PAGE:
The AIS develops evidence-based position statements on new and complex topics in sports science and sports medicine, in order to provide guidance and leadership for the Australian high performance sports system.
Current positions on:
Sport-related concussion is a growing health concern in Australia. Research into the management of concussive injuries is progressing rapidly and so too are the guidelines for diagnosis, removal from sport, management, return to learn and return to sport.
In partnership with the Australian Medical Association, Australasian College of Sport and Exercise Physicians, and Sports Medicine Australia, the AIS has developed the following resources outlining best practice management for sport-related concussive injuries.
Recent advances in the field of genetics have led to an increase in use and availability of genetic testing. While genetic testing has proven to be of value in clinical medicine, there is no evidence to support the use of genetic testing for athletic performance improvement, sport selection or talent identification. Use of genetic testing as an absolute predictor of athletic prowess or sport selection is unscientific and unethical.
The following resources developed by the AIS address the implications of recent advances in the field of genetics and the consequences for athlete health and wellbeing.
Urinary Tract Infections
Athletes with spinal cord injuries are at increased risk of developing urinary tract infections. However, information around prevention and management is limited, particularly for elite spinal cord injured athletes.
The following resource developed by the AIS and Paralympics Australia (formerly, Australian Paralympic Committee) represents a set of clinical recommendations for the prevention and treatment of urinary tract infection in spinal cord injured athletes.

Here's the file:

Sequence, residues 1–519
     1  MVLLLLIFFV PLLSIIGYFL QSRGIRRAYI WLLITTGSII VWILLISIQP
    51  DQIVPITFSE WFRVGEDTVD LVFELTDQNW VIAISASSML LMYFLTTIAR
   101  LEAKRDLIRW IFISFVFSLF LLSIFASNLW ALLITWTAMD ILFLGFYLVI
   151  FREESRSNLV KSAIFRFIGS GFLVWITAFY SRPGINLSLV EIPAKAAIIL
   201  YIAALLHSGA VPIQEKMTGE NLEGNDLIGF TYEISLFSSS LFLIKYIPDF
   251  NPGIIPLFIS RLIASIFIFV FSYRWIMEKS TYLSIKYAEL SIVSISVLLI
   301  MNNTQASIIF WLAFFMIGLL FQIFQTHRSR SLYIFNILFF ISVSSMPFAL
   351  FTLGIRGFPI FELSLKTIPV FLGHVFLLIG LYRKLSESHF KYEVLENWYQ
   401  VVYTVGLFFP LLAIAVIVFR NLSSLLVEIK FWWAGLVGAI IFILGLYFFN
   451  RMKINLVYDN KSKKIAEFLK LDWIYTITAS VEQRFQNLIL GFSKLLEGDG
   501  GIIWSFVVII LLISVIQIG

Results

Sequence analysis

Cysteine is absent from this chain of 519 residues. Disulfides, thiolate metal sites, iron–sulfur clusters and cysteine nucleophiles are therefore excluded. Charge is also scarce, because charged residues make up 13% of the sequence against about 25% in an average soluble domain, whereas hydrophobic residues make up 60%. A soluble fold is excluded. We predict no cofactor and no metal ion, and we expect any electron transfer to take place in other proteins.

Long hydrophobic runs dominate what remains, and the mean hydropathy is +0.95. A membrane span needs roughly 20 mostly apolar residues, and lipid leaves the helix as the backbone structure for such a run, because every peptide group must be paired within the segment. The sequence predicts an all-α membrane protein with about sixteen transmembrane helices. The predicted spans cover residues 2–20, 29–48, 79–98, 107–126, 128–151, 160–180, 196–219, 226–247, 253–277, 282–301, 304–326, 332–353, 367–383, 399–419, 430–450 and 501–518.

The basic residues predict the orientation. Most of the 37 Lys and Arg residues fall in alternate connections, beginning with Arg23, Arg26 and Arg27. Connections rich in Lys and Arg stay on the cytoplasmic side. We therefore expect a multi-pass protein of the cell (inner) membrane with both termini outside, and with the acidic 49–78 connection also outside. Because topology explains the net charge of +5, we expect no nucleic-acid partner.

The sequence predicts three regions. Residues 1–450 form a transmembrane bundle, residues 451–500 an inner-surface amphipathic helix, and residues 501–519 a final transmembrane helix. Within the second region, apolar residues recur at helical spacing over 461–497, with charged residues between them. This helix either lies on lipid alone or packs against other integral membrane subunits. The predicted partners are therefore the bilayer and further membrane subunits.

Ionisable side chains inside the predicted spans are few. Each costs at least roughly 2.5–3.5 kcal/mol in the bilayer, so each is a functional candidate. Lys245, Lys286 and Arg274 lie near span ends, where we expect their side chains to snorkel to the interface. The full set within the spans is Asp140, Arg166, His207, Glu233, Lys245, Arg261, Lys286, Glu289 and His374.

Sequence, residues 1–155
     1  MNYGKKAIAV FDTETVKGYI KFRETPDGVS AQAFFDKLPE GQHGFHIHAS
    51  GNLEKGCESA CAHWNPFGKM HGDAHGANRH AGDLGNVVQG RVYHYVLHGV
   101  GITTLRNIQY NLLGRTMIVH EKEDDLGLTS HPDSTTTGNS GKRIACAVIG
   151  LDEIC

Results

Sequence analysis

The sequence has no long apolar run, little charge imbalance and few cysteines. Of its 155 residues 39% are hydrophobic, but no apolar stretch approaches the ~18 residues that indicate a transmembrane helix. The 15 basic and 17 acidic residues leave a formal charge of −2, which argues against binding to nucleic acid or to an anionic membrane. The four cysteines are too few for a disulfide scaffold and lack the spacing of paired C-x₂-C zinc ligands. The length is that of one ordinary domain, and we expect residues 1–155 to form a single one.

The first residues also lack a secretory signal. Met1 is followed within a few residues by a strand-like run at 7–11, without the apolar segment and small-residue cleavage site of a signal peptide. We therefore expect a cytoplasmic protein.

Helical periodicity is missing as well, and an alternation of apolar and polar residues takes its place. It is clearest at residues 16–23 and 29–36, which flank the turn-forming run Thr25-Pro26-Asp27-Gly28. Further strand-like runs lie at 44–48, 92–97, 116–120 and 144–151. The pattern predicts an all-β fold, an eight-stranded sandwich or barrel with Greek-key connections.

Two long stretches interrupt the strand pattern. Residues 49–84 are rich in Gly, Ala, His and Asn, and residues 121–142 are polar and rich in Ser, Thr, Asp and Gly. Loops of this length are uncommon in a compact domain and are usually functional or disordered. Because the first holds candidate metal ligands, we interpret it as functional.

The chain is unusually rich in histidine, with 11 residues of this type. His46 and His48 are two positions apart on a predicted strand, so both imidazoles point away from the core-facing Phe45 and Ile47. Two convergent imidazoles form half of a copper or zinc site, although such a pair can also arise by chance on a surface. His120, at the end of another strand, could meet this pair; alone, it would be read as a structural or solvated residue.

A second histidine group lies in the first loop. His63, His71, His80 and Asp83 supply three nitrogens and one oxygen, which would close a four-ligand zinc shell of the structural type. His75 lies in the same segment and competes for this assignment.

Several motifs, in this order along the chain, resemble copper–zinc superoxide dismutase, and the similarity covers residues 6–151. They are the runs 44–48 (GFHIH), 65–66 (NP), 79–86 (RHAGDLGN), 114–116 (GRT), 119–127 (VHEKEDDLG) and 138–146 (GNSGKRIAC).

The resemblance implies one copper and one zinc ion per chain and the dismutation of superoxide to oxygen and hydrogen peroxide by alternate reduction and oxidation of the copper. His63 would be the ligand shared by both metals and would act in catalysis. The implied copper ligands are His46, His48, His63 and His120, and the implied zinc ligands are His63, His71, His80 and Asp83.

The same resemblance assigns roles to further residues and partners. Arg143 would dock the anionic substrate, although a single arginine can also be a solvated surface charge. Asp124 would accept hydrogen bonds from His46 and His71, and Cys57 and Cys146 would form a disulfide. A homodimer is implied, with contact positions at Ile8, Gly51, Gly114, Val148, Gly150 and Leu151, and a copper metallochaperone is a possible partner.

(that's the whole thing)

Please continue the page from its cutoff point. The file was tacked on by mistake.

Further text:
Sport Specialisation in Young Athletes
1. The Australian Sports Medicine Collaborative (ASMC) re-affirms the well-recognised position that for the vast majority of young individuals, regular exercise is not only safe but should be encouraged.
2. Exercise has a beneficial effect on many health outcomes and may also help improve academic performance.
- Regular moderate to vigorous physical activity (MVPA) in the childhood and adolescent years has both short- and long-term benefits. These include improved aerobic fitness and strength, more favourable body composition, improved bone density, reduced symptoms of anxiety and depression, improved school performance and reduced cardiometabolic risk.
3. The ASMC supports the World Health Organisation (WHO), Australian Government Department of Health and New Zealand Ministry of Health guidelines for physical activity for children and youth aged 5-17.
- Children and youth should accumulate at least 60 minutes of MVPA daily.
- Amounts of physical activity greater than 60 minutes provide additional health benefits.
- Most of the daily physical activity should be aerobic. Vigorous-intensity activities and those that strengthen muscle and bone should be performed at least 3 times per week.
- Sitting time should be broken up and recreational screen time should be limited to no more than two hours per day.
4. However, the ASMC notes that there has been a growing trend toward young athletes specialising at an early age in a single sport. It appears that the major societal driver of this is a perception that early specialisation leads to increased sporting success.
5. In this position statement the following definitions are used. These reflect the most commonly accepted definitions in the relevant literature:
- A ‘young athlete’ is defined as an athlete 18 years old or younger.
- Sport specialisation is defined as the intensive, year-round training in a single sport at the exclusion of other sports.
- ‘Early’ specialisation is defined as sport specialisation occurring before the age of 12.
6. A young athlete’s degree of specialisation may be ascertained by the use of three questions:
- Does the athlete play or train for more than eight months per year in a given sport?